“I think it complements the tremendous patient database that Hazelden Betty Ford has been able to acquire over the years, and there’s so many synergies that we can do in terms of research there,” Mark Rapaport — chairman of the Department of Psychiatry and Behavioral Sciences at Emory University School of Medicine and chief of psychiatric services at Emory Healthcare — told BHB.

How it works

AAG will be funded by a combination of private and public money. That includes philanthropic donations, as well as by state and federal funding, which AAG is already aggressively pursuing, according to Motu.

AAG is currently accepting outpatient clients on a limited basis out of Emory, but clinical services aren’t slated to begin in earnest until 2021. And even then, it will be a few years before the alliance is fully up and running.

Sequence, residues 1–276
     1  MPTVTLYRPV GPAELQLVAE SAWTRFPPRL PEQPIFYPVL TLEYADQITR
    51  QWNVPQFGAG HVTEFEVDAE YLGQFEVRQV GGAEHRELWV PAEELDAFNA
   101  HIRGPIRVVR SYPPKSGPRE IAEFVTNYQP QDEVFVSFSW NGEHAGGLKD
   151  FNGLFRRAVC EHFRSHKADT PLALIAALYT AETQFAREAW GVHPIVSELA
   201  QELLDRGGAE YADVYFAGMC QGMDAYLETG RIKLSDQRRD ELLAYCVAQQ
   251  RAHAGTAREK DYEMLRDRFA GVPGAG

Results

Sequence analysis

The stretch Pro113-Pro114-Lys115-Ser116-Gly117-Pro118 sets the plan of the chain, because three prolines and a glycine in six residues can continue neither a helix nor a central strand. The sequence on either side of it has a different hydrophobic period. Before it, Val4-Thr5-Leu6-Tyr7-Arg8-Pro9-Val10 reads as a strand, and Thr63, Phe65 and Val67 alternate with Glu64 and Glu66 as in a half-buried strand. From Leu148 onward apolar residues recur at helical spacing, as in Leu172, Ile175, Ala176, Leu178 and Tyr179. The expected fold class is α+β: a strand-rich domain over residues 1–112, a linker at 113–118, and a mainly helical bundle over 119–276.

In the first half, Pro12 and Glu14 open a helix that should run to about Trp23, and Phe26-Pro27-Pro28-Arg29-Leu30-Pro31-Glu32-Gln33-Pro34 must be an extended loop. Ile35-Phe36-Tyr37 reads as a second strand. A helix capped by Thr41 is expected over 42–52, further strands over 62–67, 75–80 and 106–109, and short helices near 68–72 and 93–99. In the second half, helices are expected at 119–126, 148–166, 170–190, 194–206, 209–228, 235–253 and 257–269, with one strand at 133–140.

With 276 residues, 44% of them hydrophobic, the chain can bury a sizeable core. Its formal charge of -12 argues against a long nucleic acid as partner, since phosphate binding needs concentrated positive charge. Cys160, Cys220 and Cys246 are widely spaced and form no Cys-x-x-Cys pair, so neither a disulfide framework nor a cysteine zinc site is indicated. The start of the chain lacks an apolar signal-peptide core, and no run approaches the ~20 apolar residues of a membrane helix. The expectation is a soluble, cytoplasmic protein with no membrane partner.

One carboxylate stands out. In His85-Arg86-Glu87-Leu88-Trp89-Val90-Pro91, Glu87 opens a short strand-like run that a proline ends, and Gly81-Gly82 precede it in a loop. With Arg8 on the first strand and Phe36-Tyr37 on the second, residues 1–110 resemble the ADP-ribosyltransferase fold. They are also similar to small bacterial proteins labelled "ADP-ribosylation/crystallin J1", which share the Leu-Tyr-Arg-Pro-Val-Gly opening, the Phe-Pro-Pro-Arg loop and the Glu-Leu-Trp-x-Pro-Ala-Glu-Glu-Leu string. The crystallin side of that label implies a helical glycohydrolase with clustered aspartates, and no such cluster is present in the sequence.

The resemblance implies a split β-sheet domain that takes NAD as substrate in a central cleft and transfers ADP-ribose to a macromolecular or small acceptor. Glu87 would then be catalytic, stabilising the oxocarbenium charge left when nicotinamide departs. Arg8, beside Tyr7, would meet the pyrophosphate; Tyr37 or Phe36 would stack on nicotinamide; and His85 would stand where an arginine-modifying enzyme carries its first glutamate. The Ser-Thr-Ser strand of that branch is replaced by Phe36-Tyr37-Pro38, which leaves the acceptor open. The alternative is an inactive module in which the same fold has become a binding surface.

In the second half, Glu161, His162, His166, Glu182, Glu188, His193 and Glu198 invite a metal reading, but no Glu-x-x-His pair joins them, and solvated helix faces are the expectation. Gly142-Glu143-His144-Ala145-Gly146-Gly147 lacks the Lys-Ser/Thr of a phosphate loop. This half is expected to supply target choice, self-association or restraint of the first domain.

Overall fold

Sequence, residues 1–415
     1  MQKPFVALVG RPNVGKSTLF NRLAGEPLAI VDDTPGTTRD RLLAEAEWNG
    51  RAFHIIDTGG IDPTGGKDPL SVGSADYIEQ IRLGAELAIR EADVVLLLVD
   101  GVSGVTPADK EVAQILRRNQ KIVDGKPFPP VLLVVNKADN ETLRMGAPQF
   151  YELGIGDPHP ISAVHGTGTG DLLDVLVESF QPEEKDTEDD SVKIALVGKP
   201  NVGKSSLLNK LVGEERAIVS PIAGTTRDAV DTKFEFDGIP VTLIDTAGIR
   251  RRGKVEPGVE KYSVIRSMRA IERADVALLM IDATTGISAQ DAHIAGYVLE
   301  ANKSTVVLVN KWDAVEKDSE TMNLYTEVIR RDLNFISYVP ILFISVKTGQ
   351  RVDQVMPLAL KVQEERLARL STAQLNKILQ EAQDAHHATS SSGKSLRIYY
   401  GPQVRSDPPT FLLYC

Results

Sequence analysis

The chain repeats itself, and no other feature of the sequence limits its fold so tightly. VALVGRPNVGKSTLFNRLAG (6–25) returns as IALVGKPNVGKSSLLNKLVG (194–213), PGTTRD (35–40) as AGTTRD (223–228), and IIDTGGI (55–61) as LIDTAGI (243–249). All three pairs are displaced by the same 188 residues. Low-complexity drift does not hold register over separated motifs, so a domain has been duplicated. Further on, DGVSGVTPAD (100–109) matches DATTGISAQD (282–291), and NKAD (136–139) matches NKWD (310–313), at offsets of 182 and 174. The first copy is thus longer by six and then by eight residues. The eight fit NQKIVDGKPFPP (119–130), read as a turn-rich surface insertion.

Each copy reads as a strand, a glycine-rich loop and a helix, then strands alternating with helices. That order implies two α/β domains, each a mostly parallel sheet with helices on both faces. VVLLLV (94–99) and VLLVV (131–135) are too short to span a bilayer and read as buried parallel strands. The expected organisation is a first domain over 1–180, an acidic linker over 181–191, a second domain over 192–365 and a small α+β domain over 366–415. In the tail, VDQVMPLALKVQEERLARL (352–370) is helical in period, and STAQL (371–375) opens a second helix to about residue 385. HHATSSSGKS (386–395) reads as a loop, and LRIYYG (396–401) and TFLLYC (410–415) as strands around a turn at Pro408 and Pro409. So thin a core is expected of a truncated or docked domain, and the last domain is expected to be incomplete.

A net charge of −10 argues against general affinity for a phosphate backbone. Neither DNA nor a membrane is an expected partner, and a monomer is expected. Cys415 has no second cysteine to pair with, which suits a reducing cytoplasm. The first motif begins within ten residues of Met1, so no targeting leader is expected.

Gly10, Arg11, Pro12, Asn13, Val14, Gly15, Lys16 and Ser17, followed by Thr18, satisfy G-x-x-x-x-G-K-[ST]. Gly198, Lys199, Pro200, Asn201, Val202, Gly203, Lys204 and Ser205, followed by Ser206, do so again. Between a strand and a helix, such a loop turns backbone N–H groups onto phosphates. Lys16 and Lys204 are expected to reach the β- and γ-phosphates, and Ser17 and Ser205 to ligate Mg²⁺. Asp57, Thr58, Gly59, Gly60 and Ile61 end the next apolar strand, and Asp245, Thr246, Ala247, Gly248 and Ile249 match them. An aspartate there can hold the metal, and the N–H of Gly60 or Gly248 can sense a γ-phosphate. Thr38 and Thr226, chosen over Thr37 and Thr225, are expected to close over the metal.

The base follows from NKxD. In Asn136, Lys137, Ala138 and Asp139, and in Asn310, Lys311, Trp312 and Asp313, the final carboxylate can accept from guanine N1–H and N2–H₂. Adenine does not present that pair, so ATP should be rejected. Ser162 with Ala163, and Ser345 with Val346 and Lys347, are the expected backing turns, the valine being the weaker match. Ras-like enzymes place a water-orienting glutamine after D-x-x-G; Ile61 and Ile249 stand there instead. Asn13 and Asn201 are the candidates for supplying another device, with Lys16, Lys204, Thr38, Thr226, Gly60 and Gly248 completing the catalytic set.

Its growth has been broken into three phases, Motu explained.

Currently, it’s in phase one, which calls for raising about $10 million. That money will go toward AAG treatment, training and research initiatives.

Roughly $5 million will be used to operationalize an intensive outpatient program (IOP) on the Emory Brain Health Center campus in Atlanta. Emory will run the program, while Hazelden Betty Ford will provide management consulting and training.

Meanwhile, about $3 million will go toward education, training and prevention. That includes training medical professionals from Emory and other partners about SUD treatment, as well as doing outreach and prevention work in the community.

“We are very close to launching the first project within that bucket: Doing prevention training in an Atlanta Metro school district,” Motu said.